When looking for a new home, there’s a number of questions you’ll need to ask your new landlord or roommate. Square footage, monthly rent, internet providers, and parking spaces are all good details to hammer out before deciding to visit a place. But while discussing the price of utility bills, it’s important to find out how the property stays warm too. Most houses and apartments in the United States get heat from three sources – oil, gas, and electricity. Solar-powered heat is gaining traction and heat pumps provide incredible efficiency, but oil, gas, and electric are the three types you’ll be choosing from in most circumstances.
Properties with oil heat need a tank of several hundred gallons buried underground that must be periodically refilled. This type of heat has a “set it and forget it” quality, but oil prices can fluctuate rapidly. Filling up a 400+ gallon tank can also cost over $1000, so it’s important to save money for the winter.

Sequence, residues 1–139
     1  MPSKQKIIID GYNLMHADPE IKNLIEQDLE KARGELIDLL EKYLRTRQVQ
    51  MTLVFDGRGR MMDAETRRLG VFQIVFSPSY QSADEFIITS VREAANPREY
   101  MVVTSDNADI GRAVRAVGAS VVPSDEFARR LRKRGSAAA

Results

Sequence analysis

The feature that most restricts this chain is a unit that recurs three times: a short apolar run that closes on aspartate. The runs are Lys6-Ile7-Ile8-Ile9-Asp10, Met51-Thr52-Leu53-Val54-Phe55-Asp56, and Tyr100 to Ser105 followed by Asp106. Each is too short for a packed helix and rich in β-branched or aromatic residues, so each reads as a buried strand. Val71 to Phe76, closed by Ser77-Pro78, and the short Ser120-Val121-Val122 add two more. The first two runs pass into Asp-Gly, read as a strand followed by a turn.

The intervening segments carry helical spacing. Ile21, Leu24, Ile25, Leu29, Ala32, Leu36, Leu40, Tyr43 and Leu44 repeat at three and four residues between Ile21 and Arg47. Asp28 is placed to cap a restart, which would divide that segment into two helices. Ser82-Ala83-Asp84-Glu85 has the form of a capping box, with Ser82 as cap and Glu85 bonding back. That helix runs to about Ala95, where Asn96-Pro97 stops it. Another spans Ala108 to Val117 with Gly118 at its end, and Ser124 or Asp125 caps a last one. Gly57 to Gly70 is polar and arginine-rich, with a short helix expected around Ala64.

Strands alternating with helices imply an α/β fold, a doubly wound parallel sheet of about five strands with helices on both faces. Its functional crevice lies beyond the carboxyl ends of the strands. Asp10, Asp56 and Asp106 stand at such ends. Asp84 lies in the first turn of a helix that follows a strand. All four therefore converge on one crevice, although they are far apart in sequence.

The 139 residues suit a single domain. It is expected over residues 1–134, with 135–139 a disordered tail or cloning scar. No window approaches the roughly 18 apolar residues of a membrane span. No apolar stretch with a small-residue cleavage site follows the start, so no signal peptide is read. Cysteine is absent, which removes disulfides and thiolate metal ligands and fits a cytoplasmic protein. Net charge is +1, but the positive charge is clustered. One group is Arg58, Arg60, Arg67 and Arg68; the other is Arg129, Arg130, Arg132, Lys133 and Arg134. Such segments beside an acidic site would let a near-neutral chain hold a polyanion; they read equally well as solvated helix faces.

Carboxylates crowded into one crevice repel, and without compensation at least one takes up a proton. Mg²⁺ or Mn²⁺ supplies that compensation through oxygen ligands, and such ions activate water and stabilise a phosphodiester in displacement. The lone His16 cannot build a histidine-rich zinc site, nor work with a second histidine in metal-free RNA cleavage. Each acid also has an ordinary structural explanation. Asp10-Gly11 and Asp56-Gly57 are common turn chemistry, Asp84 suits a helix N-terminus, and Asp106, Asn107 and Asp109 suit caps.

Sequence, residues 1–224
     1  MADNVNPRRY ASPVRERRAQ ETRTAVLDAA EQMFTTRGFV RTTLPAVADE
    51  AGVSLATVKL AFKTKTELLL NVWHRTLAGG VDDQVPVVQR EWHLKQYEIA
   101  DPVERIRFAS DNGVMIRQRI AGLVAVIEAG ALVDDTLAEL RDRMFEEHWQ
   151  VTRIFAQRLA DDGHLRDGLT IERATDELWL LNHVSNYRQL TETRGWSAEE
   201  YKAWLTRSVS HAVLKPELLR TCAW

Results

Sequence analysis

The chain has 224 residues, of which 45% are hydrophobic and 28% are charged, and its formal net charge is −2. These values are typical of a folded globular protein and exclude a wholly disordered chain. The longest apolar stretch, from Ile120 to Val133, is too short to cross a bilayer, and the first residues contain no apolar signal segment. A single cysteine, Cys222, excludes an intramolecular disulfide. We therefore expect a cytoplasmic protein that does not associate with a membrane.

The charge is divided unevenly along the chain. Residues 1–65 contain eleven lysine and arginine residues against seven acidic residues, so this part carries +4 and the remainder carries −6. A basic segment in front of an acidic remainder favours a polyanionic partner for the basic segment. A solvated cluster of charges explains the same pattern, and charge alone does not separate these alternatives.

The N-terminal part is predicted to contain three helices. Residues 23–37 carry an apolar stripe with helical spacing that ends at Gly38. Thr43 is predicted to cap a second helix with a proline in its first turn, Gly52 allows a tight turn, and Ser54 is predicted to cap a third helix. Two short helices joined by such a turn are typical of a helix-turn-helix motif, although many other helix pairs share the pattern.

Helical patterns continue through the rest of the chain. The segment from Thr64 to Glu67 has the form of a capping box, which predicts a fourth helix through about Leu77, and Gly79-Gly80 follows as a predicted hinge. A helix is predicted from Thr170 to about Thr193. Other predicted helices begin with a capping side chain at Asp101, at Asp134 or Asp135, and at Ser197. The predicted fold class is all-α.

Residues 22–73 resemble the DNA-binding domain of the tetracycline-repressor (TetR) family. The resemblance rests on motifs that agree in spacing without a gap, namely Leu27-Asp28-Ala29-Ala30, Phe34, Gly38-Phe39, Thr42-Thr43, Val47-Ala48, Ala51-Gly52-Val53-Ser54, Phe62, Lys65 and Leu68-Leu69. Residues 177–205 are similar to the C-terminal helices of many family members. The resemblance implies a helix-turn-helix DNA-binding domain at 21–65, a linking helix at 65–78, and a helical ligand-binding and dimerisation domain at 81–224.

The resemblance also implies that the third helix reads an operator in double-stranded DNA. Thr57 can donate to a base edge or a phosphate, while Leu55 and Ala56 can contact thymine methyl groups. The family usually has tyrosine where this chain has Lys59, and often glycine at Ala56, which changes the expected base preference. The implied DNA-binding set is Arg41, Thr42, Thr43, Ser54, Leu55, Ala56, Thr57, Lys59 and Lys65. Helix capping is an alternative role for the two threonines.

Electric heaters are effective, but pricey to operate. Heating costs for electricity are about equal to oil, but the added efficiency keeps the overall usage down (and therefore the bill). But you’ll still see some heavy increases during cold months.
Natural gas heat mixes efficiency with a much more modest price. Like oil, natural gas prices fluctuate but aren’t as volatile thanks to a steadier supply. Natural gas prices have historically been lower than oil and gas furnaces don’t sacrifice any efficiency. In fact, gas heating bills in the United States were nearly $1500 lower on average during the winter of 2013 – 2013.
Heating systems are often outsider a renter’s control, but make sure to consider it when searching for new houses and apartments. Oil prices tend to be higher in the winter and if you run out, prepare to pay emergency delivery fees. Natural gas heat is the best bang for your buck in almost every case.